I’ve seen claims over the years of a one-pass implement for food plots, but I’ve yet to see an implement that truly did it. That all changed this spring in a fallow section of hard Georgia clay behind Ranew’s.
Ranew’s is a sprawling 30-plus-acre manufacturing facility 60 miles south of Atlanta in Milner, Georgia. What started in Lester Ranew’s one-bay garage 35 years ago, now employees more than 60 individuals and does business with companies around the world, such as Caterpillar, John Deere and many others.
I’ve had the pleasure of touring Ranew’s facilities and the scale of the operation is huge. Beneath the metal skins of steel-framed buildings, skilled workers go about welding, cutting, painting and constructing big, heavy sections of steel to be used on the finished products of Caterpillar dozers and logging trailers with a grapple/boom. These parts are finished pieces that have been powder coated and baked in a high-tech, assembly-line-style infrared oven where the pieces come out nice and shiny.
Lester Ranew also owns 1,500 acres of well-managed hunting land 30 minutes south of Ranew’s facility. He invited me down to hunt turkeys and also to check out his company’s new food-plot implement.
In a separate building on the same 30-acre spread in Milner, Lester’s other company, Ranew’s Outdoor Equipment, fabricates and builds one of the toughest and most useful food-plot implements — The Firminator. We’ve planted food plots at out hunting property, Borrowed Acres with the Firminator. It’s a heck of a planting machine and can be treated like a piece of farm equipment. Although, when you see the shiny baked-on paint job you might not want to scratch it.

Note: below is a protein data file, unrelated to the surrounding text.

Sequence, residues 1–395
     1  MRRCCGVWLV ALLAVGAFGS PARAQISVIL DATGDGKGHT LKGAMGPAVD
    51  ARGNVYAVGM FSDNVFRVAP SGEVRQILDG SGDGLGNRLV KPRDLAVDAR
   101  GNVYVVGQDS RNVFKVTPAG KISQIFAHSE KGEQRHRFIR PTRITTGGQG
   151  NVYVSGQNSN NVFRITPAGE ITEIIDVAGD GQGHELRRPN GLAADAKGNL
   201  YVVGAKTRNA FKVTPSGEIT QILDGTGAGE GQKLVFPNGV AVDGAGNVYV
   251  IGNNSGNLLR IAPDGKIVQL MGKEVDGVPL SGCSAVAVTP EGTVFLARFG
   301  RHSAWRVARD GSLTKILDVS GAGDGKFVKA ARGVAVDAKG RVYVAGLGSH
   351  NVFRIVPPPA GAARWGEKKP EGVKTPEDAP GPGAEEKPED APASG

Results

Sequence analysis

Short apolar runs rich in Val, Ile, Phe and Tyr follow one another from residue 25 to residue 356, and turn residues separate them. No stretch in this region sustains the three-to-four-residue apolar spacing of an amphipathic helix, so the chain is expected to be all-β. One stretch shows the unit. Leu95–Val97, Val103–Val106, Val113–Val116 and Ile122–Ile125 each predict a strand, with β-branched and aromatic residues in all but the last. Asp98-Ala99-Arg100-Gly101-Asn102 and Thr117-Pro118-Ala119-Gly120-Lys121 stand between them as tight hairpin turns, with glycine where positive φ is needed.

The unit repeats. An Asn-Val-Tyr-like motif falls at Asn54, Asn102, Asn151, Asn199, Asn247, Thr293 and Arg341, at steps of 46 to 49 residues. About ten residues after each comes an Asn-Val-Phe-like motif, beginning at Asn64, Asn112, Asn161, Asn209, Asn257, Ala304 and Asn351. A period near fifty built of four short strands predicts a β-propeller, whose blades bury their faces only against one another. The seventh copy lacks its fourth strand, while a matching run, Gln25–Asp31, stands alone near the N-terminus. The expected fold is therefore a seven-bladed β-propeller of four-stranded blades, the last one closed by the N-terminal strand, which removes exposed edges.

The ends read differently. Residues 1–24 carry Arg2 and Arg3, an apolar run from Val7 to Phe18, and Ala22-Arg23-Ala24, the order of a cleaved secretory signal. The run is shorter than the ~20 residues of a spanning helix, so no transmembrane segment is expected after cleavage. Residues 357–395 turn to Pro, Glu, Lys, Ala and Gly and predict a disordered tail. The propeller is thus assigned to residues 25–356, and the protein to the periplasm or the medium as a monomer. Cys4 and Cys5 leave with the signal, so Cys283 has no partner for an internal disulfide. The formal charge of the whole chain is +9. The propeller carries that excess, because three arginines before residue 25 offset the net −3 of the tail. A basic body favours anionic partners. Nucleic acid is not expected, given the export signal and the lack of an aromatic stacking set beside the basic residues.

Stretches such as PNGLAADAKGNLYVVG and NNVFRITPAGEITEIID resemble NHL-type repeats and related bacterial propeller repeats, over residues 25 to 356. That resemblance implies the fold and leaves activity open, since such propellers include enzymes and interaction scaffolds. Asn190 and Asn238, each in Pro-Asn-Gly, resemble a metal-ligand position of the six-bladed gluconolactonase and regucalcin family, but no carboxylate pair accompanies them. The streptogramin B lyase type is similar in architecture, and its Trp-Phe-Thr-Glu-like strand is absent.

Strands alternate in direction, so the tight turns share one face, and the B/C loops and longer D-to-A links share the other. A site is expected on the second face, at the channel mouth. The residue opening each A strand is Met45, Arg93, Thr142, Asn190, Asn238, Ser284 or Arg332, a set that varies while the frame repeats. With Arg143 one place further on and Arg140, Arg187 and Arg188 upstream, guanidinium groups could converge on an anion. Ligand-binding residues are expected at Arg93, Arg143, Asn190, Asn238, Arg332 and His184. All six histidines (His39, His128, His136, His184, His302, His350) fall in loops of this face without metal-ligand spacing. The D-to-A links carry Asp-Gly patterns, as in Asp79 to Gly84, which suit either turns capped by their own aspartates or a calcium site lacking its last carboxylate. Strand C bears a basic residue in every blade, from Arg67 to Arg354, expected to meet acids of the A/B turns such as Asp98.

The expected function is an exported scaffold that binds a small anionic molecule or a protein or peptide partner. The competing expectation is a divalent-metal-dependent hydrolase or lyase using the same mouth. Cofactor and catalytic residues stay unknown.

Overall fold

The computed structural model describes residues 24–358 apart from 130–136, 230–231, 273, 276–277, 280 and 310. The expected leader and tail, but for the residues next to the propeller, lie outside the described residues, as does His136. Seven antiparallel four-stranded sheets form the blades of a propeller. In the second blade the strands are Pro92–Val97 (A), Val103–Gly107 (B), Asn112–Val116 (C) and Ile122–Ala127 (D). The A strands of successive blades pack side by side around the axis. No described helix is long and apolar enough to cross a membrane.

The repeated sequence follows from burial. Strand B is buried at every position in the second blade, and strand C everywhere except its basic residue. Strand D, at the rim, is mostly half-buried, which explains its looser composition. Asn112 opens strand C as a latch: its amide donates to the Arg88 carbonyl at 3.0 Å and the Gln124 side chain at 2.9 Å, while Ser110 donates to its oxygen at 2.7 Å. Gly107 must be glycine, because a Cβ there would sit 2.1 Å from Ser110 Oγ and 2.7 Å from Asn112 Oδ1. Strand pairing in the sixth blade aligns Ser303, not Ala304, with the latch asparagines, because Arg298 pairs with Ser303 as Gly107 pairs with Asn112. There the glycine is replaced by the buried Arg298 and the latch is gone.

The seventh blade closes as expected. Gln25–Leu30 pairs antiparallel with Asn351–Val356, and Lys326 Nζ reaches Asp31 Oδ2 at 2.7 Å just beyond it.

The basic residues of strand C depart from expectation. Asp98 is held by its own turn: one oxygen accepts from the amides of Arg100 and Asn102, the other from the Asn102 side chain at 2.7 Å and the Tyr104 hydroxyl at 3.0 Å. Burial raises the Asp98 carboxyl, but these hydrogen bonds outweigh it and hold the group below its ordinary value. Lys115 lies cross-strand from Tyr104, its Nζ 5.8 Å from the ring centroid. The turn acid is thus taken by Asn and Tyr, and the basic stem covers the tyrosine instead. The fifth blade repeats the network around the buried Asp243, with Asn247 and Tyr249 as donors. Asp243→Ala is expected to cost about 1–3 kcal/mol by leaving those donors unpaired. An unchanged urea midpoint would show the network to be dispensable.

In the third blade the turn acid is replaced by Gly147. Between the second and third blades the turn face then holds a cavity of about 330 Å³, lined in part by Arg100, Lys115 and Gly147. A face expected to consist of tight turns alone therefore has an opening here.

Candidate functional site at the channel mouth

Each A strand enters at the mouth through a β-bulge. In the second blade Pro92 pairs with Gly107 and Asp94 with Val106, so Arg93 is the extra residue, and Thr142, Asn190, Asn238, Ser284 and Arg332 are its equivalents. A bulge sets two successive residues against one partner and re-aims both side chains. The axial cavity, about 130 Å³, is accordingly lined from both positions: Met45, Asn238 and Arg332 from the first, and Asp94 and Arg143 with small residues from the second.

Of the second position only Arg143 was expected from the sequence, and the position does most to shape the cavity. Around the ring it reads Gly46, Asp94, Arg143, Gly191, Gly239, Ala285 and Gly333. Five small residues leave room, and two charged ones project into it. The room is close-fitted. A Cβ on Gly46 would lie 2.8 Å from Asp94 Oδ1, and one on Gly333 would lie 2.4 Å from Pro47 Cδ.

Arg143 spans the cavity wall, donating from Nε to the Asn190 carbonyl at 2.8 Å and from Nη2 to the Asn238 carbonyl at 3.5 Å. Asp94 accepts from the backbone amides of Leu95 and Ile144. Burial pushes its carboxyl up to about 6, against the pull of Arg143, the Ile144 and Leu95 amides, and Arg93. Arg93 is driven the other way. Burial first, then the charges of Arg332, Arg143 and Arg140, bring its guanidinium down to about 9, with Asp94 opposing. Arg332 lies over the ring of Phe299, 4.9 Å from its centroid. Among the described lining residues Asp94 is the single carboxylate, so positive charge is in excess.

The newest implement from Ranew’s is the Firminator RT series. This model still plants and covers seed like the original Firminator, but the discs have been replaced with a PTO-driven rototiller. Like all products made by Ranew’s, the RT model is a powerful and heavy-duty machine.
William Yancy, head of sales for Firminator equipment, hops on a John Deere tractor and positioned an 8-foot model of the Firminator RT over a rock-solid section of thick grass, engaged the rototiller, revved the engine and dropped the RT to the ground. He immediately drove forward with the rototiller pulverizing the top 6 to 7 inches of hard-packed clay and grass roots. I dug in the soft, crushed soil with my hand. It was powdery and perfect to plant in. Directly behind the rototiller is the Firminator ground-driven Accu-Seed system, which meters all sizes of seeds out onto the soil, then directly behind the seeds is an industrial-sized cast-iron cultipacker that firmly pushes the seeds into the loose soil. This ensures ideal seed-to-soil contact for quick germination and root growth. The sod of growing grass on top of the clay was also pulverized and mixed into the soil.
With a pre-treatment of Glyphosate two to three weeks prior to planting, a land manager could absolutely till, plant and cultipack food plots with one pass using the RT model. Imagine how much time and fuel that would save?
One thing to remember about a rototiller, is that they aren’t disc, so they can’t be used in rocky fields. This implement would be best used on plots that are well established or areas with loamy soil and few rocks. Rocks and large roots can bind and break a rototiller, so be sure to use in debris-cleared plots.
The RT series consists of a 4-, 6- and 8-foot model. This is serious equipment for the serious food plotter. Hunt clubs and landowners with lots of food-plot acres can save time and money with a more efficient system for planting. Check out Ranew’s to learn more.